Historically, the Super Bowl weekend has always been one of the weaker weekends of the year for films simply because so many people, particularly men, are watching the big game. Last weekend wasn’t the worst, with the No. 1 film Hansel and Gretel: Witch Hunters beating expectations by being so bad it’s good while the other two releases bombed for simply being bad. Though the industry loves a rebound, this isn’t the weekend to do it.
The only film in the past few years that has ever broken out against the Super Bowl was Taken in 2009; however, many people forget that the film was already out in Europe for several months and was almost released direct-to-DVD.
Still, studios have had some mild success with releasing a film aimed at non-football loving audiences.
In 2010, Dear John became a moderate success and last year both Chronicle and The Woman in Black were able to find a sizable audience in spite of the big game.
This year, Summit Entertainment hopes to convince people to skip Super Bowl Sunday with Warm Bodies, a zombie romantic comedy. The zombie-genre revival that’s been going on for the past several years has yet to rescind, with The Walking Dead being the most-watched show on cable, a Zombies Mode being a staple of the Call of Duty franchise and even the bizarre zombie-esque news stories from last year (don’t do bath salts, kids).
You know a genre has hit the mainstream when filmmakers are able to make wild deviations. For Warm Bodies, starring Nicholas Hoult and Teresa Palmer, we have a zombie protagonist who begins to come back to life as he falls in love. Though some people might dismiss it as a “Twilight with zombies,” the studio has done a good job with the marketing to sell a rather strange concept to a skeptical audience.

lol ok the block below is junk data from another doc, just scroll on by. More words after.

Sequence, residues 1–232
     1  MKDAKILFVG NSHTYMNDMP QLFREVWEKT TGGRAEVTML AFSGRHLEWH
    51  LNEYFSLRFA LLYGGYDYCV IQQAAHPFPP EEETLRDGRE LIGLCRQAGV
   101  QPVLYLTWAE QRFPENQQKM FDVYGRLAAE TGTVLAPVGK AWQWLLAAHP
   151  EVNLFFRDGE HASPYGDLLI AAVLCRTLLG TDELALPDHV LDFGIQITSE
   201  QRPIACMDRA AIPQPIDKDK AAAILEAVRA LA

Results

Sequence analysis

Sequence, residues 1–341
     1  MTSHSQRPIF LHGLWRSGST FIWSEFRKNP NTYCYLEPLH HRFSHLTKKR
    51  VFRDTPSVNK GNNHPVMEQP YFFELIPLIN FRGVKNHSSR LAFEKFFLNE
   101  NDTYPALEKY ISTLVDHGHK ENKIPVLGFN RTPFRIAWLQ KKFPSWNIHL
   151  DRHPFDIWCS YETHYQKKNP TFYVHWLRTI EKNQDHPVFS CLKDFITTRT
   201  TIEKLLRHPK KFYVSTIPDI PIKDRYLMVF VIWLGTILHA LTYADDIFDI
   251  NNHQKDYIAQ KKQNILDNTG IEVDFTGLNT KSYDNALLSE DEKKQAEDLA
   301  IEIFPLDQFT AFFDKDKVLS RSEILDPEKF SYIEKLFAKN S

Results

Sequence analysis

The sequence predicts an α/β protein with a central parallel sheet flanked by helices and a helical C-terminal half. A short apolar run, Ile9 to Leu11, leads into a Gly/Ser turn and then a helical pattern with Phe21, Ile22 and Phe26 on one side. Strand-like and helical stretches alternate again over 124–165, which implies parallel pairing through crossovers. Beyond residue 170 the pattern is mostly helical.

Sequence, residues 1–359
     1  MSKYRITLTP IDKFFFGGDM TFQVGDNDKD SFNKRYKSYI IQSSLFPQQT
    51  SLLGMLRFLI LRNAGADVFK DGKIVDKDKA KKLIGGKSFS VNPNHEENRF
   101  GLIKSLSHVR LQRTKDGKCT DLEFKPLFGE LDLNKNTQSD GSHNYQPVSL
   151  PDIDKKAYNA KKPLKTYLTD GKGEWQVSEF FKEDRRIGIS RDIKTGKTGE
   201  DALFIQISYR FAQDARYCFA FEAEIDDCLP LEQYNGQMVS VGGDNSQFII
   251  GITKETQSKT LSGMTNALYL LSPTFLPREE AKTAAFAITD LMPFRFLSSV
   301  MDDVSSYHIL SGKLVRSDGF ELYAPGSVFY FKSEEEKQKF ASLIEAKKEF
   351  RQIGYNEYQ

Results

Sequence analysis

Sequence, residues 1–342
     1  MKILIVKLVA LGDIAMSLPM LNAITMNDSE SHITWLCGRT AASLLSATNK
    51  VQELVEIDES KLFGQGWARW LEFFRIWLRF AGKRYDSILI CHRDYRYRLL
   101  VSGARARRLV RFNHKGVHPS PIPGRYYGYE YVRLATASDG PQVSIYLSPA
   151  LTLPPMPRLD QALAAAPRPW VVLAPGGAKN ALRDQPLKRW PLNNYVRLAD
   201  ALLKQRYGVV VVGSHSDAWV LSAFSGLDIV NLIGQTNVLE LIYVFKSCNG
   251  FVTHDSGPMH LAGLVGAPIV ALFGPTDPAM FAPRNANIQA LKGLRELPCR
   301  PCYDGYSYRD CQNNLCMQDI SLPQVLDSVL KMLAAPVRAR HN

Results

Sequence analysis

However, genre mashups tend to be one of the harder sells in the business, especially horror genres. For every Zombieland, you have a handful of bombs like Slither and Fright Night, even though those films had good reviews overall. Nonetheless, it’s the primary option for female audiences and it has a unique enough concept to intrigue the curious. It could surprise with more than $20 million, but a slightly lower amount is more likely.
The other film coming out this weekend is Bullet to the Head, starring Sylvester Stallone in the lead role. Though he’s been prominent in the box office, thanks to The Expendables franchise and the well-received sequels to Rocky and Rambo, this is actually his first solo feature since 2001’s Driven.
This film was originally scheduled to be released April 13, 2012, but was delayed to this weekend for undisclosed reasons. It doesn’t take an expert, though, to know that Warner Bros is effectively just trying to get the movie out without much fanfare. Not to mention that the audience this film is trying to appeal to will be too busy watching football on Sunday to see a generic action thriller.
Stallone has picked up a considerable amount of goodwill through successfully relaunching his most famous characters, but even his most die-hard supporters can tell this film won’t do well. It could end up earning the same numbers as The Last Stand, which was in the similar position of featuring an old-school action star trying to make a comeback but failing to do so.
Then there’s the gangster dramedy Stand Up Guys, starring Al Pacino and Christopher Walken as a pair of old criminals going out for one last night on the town before their past comes back to haunt them. If you feel surprised that you haven’t even heard of this film, it’s not your fault.
Despite the box office potential of uniting these two legendary actors in a film that’s essentially The Bucket List for wise guys, for some reason, Lionsgate saw fit to effectively dump the movie into theaters with hardly any marketing. It isn’t even releasing widely, only opening in about 450 theaters (the average wide-release film opens in 2,500+ theaters).
Though the reviews haven’t been great, you have to imagine that there would be at least a little bit of an audience that’d go see Pacino, Walken and Alan Arkin having a good time on the big screen. Sadly, with the nonexistent marketing, the miniscule awareness and in small release, this film might not even be able to make over a million this weekend.
Robert Calcagno is a second-year graduate student in the School of Cinematic Arts pursing an MFA in animation. His column “Box Office Beat” runs Fridays.